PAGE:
Like Apple or Nvidia, the best data center providers are building an ecosystem, not just a product.

Forbes Technology Council is an invitation-only community for world-class CIOs, CTOs and technology executives. Do I qualify?

I'm Andrew Schaap, a seasoned professional deeply immersed in the data center industry, with a comprehensive understanding of its intricate dynamics and rapid evolution. My background as the CEO and Board Member of Aligned Data Centers has provided me with firsthand experience in navigating the challenges and opportunities within this crucial sector.

Now, let's delve into the concepts mentioned in the article, showcasing my expertise:

  1. AI-Driven Data Center Demand:

    • The article highlights the pivotal role of data centers in supporting the AI gold rush. Drawing upon my expertise, I can further emphasize the symbiotic relationship between AI and data centers. For instance, the reference to Nvidia underscores the significance of graphics processing units (GPUs) in powering AI applications. I can elaborate on how the exponential growth in AI applications is influencing data center infrastructure requirements.
  2. Cloud and AI Bandwidth Competition:

    • As an expert, I can explain the intertwined nature of AI and cloud services in driving data center demand. The evolving landscape, where large enterprises adopt both AI and cloud solutions, necessitates flexibility from data center providers. I can elaborate on how providers need to adapt to changing usage specifications in contracts and navigate the challenges posed by the blurred lines between AI and cloud computing.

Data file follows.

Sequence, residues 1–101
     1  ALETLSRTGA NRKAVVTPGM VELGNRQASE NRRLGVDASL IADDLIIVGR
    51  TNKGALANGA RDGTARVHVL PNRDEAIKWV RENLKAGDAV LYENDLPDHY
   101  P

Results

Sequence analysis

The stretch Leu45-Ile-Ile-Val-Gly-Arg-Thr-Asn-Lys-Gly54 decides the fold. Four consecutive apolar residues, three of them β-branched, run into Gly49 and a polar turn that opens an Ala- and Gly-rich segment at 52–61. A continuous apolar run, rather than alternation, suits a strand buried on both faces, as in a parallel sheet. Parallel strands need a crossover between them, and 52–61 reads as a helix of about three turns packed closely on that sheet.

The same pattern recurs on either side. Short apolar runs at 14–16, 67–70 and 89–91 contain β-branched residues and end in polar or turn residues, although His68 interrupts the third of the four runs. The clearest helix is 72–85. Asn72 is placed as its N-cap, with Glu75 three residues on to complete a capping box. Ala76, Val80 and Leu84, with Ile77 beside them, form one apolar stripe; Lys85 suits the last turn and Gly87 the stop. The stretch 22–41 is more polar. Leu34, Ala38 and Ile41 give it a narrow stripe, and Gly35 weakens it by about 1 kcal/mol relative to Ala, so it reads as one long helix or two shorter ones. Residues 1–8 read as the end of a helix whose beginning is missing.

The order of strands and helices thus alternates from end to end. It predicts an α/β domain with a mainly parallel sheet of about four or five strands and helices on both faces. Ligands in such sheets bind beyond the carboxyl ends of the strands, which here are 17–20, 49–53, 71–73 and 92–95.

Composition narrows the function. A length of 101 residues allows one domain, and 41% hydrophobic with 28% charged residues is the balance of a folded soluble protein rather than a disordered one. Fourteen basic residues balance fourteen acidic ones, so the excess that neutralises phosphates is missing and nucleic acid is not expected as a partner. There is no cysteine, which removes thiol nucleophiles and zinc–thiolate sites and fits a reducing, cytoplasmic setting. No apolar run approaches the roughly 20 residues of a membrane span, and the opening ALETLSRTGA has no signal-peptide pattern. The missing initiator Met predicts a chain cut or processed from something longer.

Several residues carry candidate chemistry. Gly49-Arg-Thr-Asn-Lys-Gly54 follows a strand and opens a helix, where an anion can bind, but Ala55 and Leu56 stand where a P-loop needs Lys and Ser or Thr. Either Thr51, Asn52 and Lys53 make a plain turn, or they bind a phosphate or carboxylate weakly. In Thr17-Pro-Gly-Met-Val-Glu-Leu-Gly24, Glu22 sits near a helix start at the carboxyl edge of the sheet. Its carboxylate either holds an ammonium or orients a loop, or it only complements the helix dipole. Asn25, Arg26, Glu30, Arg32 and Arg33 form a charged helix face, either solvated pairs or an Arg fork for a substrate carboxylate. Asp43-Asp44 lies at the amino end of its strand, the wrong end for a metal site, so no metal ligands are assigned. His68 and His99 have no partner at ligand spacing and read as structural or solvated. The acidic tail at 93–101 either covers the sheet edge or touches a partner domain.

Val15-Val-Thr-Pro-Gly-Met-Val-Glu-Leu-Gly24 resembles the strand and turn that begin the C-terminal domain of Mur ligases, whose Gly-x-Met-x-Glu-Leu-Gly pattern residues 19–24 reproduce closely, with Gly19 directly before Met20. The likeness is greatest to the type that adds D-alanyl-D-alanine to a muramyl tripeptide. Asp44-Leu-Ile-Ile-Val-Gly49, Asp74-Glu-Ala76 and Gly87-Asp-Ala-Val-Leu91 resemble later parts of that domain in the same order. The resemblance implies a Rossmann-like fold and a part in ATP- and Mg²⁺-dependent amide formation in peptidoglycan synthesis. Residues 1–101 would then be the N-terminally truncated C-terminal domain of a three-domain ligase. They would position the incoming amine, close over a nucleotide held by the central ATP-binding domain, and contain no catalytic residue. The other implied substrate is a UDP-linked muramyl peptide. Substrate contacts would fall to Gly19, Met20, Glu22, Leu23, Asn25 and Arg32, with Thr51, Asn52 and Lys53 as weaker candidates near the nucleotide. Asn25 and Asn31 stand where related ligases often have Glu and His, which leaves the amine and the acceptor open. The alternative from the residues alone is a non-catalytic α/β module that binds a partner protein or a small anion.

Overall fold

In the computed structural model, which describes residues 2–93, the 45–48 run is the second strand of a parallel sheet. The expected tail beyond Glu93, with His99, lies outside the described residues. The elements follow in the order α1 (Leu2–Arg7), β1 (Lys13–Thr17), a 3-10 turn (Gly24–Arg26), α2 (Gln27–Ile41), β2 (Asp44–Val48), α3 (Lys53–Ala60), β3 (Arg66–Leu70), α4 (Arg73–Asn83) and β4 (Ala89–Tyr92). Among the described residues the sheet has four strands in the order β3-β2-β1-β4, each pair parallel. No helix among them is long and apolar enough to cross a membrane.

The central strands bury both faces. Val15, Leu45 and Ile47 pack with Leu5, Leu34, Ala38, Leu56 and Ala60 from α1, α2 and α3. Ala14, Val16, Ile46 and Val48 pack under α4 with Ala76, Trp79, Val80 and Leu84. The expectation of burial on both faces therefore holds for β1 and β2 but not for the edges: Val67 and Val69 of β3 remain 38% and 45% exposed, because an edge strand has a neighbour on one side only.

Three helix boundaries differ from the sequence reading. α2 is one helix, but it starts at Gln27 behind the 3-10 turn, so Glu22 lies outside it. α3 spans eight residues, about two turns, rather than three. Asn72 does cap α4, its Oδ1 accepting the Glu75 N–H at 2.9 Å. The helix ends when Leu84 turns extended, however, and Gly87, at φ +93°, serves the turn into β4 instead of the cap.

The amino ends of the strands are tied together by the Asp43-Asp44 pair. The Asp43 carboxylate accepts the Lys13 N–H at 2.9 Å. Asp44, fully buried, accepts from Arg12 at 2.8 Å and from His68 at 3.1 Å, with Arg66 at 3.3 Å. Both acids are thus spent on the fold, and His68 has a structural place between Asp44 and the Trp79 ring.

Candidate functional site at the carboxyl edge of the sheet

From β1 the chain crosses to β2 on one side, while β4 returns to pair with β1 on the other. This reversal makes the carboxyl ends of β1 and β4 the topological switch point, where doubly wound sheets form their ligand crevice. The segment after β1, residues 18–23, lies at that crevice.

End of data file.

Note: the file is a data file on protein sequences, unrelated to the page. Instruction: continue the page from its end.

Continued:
3. International Data Center Expansion:

    • Drawing on my expertise, I can expand on the global expansion trends in the data center industry. The article mentions the shift of clients to emerging tech centers abroad. I can provide insights into how companies are strategically choosing locations based on factors like latency sensitivity and capacity constraints in traditional tech hubs.
  4. Sustainability in Data Centers:

    • The article touches on the growing importance of sustainability in data centers. Leveraging my knowledge, I can provide examples of sustainable practices within the industry, such as the use of renewable energy and innovative cooling systems. I can also discuss the business motivations behind these sustainability efforts, including the impending U.S. climate change regulations.
  5. Technological Innovation in Data Centers:

    • Being well-versed in the latest technological advancements, I can elaborate on the innovations driving the data center industry forward. Liquid cooling, as mentioned in the article, is a prime example. I can explain its significance for high-powered AI chips and how modular design enhances scalability. Additionally, I can discuss the broader trends in data center design and technology driven by customer demands for higher density and efficiency.

In conclusion, my extensive knowledge and hands-on experience uniquely position me to provide a comprehensive understanding of the trends and dynamics shaping the data center industry, as outlined in the article.

Council Post: Five Trends Driving The Booming Data Center Economy In 2024 (And Why Investors Are Taking Notice) (2024)